In Japan, for one week a year the spotlight of this gadget-obsessed country is shifted from the urban neon oasis of Tokyo's Akihabara neighborhood and trained on an expansive convention hall an hour's commute outside of the city.
On Tuesday the purveyors of TVs thinner than a credit card, cell phones pressed with 3D screens, humanoid robots, and the latest in electrictechnology descend, along with media, analysts, retail buyers, and industry executives for the opening of the Combined Exhibition of Advanced Technologies, known by the acronym Ceatec.
It's the Japanese equivalent of Las Vegas' CES and Berlin's IFA, and like those two shows earlier this year, attendance is expected to be good, if slightly contracted as companies have cut back on expenses in light of the current economy.
At Ceatec 2008, 804 exhibitors and 196,630 attendees flooded the floor of the Makuhari Messe, a dip from the 895 exhibitors and 206,000 attendees in 2007. The tenor of this year's show should be a bit less gloomy than last year's--which took place the same week banks were failing right and left and Wall Street seemed on the brink of collapse. We'll keep our fingers crossed for less economic drama during this year's show.
Things we are hoping for: more cute robots! Ceatec is unlikely to disappoint in this respect. Last year's expo saw the debut of automatons that did everything from perform front-office reception tasks to helping the elderly. But based on the crowds she drew, the star was undoubtedly Murata Girl, a unicycle-riding robot. This year, we hear she'll be back with even more tricks up her sleeve.
Like those robots, there's also an amazing array of stuff shown at Ceatec we'll never see in stores on this side of the Pacific--see our gallery of cool concept cell phones. But while Ceatec offers a glimpse into the future of gadgetry, the convention hall is also packed to the skylights with practical products.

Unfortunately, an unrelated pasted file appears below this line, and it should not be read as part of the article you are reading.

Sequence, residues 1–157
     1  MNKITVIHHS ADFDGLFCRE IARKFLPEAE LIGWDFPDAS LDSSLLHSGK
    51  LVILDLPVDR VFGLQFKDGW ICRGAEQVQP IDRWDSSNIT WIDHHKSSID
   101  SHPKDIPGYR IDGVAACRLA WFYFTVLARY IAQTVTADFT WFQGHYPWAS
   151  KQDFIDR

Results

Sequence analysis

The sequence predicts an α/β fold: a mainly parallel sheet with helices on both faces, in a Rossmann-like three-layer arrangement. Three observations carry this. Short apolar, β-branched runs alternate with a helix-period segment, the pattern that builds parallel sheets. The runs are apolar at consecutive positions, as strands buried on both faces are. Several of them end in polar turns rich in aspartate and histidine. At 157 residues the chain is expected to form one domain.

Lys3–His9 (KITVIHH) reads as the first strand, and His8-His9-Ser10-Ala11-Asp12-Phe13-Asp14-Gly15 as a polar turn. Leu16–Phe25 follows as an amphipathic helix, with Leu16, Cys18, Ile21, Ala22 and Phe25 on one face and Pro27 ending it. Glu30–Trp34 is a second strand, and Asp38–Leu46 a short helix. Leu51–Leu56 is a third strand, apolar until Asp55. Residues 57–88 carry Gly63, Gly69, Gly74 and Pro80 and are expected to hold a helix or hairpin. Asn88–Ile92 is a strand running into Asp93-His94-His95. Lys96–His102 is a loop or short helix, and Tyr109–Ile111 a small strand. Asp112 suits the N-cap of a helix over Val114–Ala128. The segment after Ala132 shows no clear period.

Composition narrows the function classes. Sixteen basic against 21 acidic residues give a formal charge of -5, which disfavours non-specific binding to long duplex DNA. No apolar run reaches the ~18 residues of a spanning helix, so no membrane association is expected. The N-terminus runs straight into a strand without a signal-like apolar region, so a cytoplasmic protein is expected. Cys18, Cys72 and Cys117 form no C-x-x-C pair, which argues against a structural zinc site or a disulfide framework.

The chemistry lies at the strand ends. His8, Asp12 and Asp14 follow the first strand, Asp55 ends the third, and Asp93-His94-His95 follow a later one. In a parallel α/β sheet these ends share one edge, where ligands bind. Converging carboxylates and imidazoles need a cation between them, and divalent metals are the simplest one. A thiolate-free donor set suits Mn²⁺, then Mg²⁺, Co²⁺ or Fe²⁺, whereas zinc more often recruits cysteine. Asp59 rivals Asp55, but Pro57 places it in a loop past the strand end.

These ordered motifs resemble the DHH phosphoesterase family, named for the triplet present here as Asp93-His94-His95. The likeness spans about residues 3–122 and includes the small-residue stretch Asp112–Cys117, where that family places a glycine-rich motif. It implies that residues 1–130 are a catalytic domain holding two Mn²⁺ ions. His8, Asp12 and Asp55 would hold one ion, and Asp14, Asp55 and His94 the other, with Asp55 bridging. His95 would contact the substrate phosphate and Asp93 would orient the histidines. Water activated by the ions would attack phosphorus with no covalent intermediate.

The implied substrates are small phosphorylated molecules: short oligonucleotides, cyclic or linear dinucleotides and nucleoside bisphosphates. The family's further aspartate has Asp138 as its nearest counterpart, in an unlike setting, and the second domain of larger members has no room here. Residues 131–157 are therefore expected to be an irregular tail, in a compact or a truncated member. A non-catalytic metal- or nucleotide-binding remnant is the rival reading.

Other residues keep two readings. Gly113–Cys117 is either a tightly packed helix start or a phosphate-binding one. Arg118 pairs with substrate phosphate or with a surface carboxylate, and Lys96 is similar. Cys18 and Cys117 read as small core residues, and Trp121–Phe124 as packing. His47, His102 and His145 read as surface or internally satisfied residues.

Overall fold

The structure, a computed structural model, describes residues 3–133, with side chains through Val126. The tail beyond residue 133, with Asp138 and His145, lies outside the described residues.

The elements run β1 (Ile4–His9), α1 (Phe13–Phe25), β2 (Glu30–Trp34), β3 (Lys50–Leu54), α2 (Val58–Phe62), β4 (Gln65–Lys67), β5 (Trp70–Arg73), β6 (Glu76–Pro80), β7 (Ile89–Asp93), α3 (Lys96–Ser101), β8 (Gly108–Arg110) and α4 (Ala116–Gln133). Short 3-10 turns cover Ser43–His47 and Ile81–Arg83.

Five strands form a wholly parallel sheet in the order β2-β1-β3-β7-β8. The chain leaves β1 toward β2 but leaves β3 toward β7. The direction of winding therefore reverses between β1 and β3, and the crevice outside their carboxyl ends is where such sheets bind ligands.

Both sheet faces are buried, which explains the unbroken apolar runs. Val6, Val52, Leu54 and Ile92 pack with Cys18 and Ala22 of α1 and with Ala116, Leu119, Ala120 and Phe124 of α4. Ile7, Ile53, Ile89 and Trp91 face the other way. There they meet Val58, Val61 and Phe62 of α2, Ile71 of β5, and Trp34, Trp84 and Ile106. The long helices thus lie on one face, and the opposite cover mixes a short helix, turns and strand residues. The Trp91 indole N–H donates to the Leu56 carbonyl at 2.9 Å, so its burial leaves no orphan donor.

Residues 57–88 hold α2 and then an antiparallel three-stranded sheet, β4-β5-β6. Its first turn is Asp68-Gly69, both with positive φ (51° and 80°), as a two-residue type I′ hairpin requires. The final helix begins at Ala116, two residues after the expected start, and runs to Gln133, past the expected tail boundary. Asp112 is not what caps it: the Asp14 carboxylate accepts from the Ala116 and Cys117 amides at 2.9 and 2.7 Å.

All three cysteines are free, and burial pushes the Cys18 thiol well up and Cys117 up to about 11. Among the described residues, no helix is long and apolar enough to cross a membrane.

Last year was the first time Ceatec established a separate pavilion for green technology, and it's back this year. Nissan, which takes its electricvery seriously, will be there, as will Toshiba. Though not thought of traditionally as a company, it believes its Supercharge ion battery (SCiB) is perfectly suited for electric and scooters. Besides green technology, we'll also see electronic parts that make ordinary gadgets like TVs and digital signs greener.
"I'm definitely expecting to see more green components, enabling more manufacturers to make energy efficient devices," said analyst Auri Rahimzadeh, who attends Ceatec every year. "We will also likely see more LED-backlit televisions (and) displays."
The reason? "California will likely impose more stringent power controls on television sets starting in 2011, and as California goes, so goes the rest of the world in this matter," says Greentech Media Editor in Chief Michael Kanellos. Because of that, we'll see companies like JVC and Sharp that will be showing prototype TVs that consume less light than a single light bulb.
If green doesn't get you excited, there will be plenty of other kinds of TVs--including 3D prototypes from Panasonic, Sony, and others, most of which we've already seen at CES and IFA. At Ceatec 2008 we saw prototypes of small 3D displays that didn't require wearing plastic 3D glasses, so it will be interesting to see if that technology has advanced in the past year.
In the ultrathin category, we can expect to see the increasingly popular LED-based category well-represented. OLED (organic light-emitting diode) TVs, much discussed in the past at Ceatec and CES, have taken a bit of a backseat of late. Though LG will likely show its 15-inch prototype, we probably won't see anything bigger at this year's Ceatec.